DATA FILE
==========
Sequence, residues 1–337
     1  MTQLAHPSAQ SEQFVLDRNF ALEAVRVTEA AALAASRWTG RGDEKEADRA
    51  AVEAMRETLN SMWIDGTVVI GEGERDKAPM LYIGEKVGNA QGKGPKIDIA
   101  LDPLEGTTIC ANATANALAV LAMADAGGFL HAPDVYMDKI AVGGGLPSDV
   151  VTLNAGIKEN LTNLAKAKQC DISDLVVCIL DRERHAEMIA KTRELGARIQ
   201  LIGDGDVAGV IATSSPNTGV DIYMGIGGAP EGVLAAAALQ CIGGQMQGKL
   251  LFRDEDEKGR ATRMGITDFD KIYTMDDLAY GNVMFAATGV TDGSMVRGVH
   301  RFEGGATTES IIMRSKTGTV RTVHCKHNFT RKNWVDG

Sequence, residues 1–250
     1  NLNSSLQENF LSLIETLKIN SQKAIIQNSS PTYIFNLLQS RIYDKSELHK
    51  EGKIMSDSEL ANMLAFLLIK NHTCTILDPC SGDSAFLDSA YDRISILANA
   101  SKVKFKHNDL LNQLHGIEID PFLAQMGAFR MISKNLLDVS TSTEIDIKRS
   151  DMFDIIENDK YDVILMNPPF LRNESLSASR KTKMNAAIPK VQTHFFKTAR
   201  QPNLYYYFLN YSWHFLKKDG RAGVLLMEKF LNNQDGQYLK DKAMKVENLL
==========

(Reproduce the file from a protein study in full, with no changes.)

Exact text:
Sequence, residues 1–337
     1  MTQLAHPSAQ SEQFVLDRNF ALEAVRVTEA AALAASRWTG RGDEKEADRA
    51  AVEAMRETLN SMWIDGTVVI GEGERDKAPM LYIGEKVGNA QGKGPKIDIA
   101  LDPLEGTTIC ANATANALAV LAMADAGGFL HAPDVYMDKI AVGGGLPSDV
   151  VTLNAGIKEN LTNLAKAKQC DISDLVVCIL DRERHAEMIA KTRELGARIQ
   201  LIGDGDVAGV IATSSPNTGV DIYMGIGGAP EGVLAAAALQ CIGGQMQGKL
   251  LFRDEDEKGR ATRMGITDFD KIYTMDDLAY GNVMFAATGV TDGSMVRGVH
   301  RFEGGATTES IIMRSKTGTV RTVHCKHNFT RKNWVDG

Sequence, residues 1–250
     1  NLNSSLQENF LSLIETLKIN SQKAIIQNSS PTYIFNLLQS RIYDKSELHK
    51  EGKIMSDSEL ANMLAFLLIK NHTCTILDPC SGDSAFLDSA YDRISILANA
   101  SKVKFKHNDL LNQLHGIEID PFLAQMGAFR MISKNLLDVS TSTEIDIKRS
   151  DMFDIIENDK YDVILMNPPF LRNESLSASR KTKMNAAIPK VQTHFFKTAR
   201  QPNLYYYFLN YSWHFLKKDG RAGVLLMEKF LNNQDGQYLK DKAMKVENLL